Studio pro shares its skills with college students

MENTOR— Benny Factcone has decades of sound engineering experience. He shares his expertise with his students in the recording studio at Cal Lutheran University, where he is a faculty member. Courtesy photo

Agorua Hills sound engineer Benny Faccone has made his mark on a diverse international repertoire that includes American rockers X and Tom Petty, Mexican singer El Buki, “King of Pop” Michael Jackson and legend of pop barbra streisand.

The 68-year-old has also worked alongside several top producers such as Quincy Jones, David Foster and Phil Ramone.

Faccone, a graduate of Berklee College of Music, honed his sound engineering skills at A&M Records, his own Cavern Studio in Thousand Oaks and elsewhere. It won 17 Grammy Awards, most recently for Draco Rosa’s “Monte Sagrado”, which was named Best Rock Album at the 2019 Latin Grammys.

Now, Faccone is embarking on a new project as part of the 10-year music production program at Cal Lutheran University: coordinating the operations of the school’s new music recording studio, including a new recording console at Cal Lutheran University. 48 channels, a “live” recording room, an editing and mixing room with an Avid C24 Pro Tools control surface and a classroom.

At the state-of-the-art facility, Faccone, who in the fall became the program’s first full-time faculty member, teaches music production in a real-world environment, advises students on recording projects, and uses his connections to help land internship students.

“Mixing is a lot like painting,” Factone said on a recent studio tour. “We teach them to do 3D rather than just 2D black and white painting, and the little techniques to use. “

Making sure the drums don’t dominate the vocals, the guitar solo goes through, the bassline is bold enough that everything stays together, and the sax isn’t too brash are examples of what happens in the mixing of a musical composition.

“When you mix a song, you’re not just looking for balance, you’re looking for a lot of feel, you’re looking for depth,” said Faccone, citing Quincy Jones and the late Bruce Swedien as an example. of the way some producers / engineers approach their work.

“When they work, they talk about colors,” Factone said. “How, when they’re working on a song, how they need more reds, deeper reds.”

That day, a student was sitting in front of the giant mixer inside the studio the size of an airplane hangar, using buttons and switches while mixing a band’s version of covers of Stevie Wonder’s “Sir Duke”, the singer’s tribute to Duke Ellington.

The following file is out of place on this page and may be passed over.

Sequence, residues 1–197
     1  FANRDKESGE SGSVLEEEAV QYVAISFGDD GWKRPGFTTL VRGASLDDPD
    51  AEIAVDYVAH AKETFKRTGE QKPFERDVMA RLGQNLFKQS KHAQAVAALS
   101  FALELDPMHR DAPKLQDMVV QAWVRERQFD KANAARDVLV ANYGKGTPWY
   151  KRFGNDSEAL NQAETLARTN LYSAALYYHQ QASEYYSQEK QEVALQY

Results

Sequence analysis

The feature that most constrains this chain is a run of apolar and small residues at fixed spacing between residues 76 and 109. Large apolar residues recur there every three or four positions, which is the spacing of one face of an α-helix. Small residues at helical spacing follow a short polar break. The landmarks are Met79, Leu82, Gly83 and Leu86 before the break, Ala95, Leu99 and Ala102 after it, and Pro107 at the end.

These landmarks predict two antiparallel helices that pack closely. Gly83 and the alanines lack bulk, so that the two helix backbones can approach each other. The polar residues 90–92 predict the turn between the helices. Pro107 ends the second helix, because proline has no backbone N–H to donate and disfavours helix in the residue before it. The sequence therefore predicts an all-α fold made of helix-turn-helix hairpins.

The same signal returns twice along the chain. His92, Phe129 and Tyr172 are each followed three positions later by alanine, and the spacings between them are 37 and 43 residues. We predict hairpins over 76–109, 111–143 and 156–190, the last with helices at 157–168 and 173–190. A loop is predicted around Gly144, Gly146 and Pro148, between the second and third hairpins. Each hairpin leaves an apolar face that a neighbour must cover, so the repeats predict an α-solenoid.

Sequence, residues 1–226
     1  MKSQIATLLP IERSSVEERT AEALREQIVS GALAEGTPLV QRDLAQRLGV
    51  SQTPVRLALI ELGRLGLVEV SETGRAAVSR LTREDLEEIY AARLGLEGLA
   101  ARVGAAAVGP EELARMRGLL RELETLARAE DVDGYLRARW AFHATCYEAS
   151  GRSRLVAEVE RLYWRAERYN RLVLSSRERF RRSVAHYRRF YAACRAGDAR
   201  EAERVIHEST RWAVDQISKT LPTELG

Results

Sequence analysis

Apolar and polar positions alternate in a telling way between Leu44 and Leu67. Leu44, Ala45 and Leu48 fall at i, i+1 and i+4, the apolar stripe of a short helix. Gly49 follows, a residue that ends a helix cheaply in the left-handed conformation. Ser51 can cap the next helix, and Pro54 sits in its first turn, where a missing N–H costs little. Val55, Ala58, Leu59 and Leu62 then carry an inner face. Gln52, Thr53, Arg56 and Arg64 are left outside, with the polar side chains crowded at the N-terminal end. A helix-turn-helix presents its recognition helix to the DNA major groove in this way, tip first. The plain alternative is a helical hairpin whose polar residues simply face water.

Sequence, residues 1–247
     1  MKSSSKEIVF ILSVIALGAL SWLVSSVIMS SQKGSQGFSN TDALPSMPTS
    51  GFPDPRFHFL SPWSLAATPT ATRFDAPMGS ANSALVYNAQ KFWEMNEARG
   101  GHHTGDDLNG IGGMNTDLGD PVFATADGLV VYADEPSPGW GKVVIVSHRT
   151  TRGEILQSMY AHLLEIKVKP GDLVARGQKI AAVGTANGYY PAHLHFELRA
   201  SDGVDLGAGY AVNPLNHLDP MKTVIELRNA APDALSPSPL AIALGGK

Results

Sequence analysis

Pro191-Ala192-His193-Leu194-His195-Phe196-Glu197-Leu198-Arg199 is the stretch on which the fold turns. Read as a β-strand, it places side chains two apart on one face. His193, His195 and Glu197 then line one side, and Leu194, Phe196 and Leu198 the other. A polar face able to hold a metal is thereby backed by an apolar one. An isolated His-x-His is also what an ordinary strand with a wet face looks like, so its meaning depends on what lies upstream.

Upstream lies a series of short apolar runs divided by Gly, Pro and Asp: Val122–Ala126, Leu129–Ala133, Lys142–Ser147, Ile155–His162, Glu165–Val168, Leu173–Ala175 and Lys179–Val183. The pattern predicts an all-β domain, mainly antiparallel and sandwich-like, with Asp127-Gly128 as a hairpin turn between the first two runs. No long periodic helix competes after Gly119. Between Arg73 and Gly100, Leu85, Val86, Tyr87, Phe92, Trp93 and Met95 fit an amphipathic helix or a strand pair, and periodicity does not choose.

Each passage was a little different from the last. Maybe the student was looking for her own deep reds.

Faccone looked on with an approving smile.

Without its location on campus, the studio in the K building could be mistaken for a pro shop.

The vision for the installation came from music teacher Mark Spraggins, president of Cal Lutheran’s music department from 2013 to 2018, who visited Faccone’s studio about five years ago.

The result, he said, was that all production and mixing classes were in his studio.

FACcone later became an assistant professor at Cal Lutheran, and classes began to move to campus. This year he did it full time, and the program takes a big step forward, bringing the entire production process under one roof, where future sound engineers can record, sync, mix and play back. music, voices and sounds.

The new president of the music department, Michael Hart, takes up the torch from Spraggins.

The music production course that Faccone teaches involves taking a song and making it sound good, and preparing students for a career.

The department is able to offer its own courses in special subjects, such as audio engineering, songwriting, electronic music, and music business.

“Kids want to learn how to properly record music,” Factone said.

But learning how to budget is also a big part of the job, especially when working from home.

“You may not be paying overhead. . . but you could work for three months and not get paid. You could also do a project and have to figure out what kind of budget is required, how much things cost, or even sit there for five hours making an arrangement. . . . It’s all part of the budget.

Music production has changed a lot during Factcone’s career. When he started at A&M in the 1980s the producer / sound engineer was there from the time the first track was written, say the drums, until the end.

It may take a few months.

“Now the engineer records it, he sends it to a mixer, it’s kind of like piecemeal,” he said.

Change can come down to the budget.

“It was a bit expensive,” Factone said of the old method. “Now the producer has his own home studio and they’re working on it. “

Factone said music is a passionate and nuanced endeavor, regardless of genre, and it is often the drummer who brings music to life.

“There is such a great talent pool in LA, and I have been fortunate to know a lot of it. . . . “Factone says.” When you work with them, they bring out the feel in the music. ”

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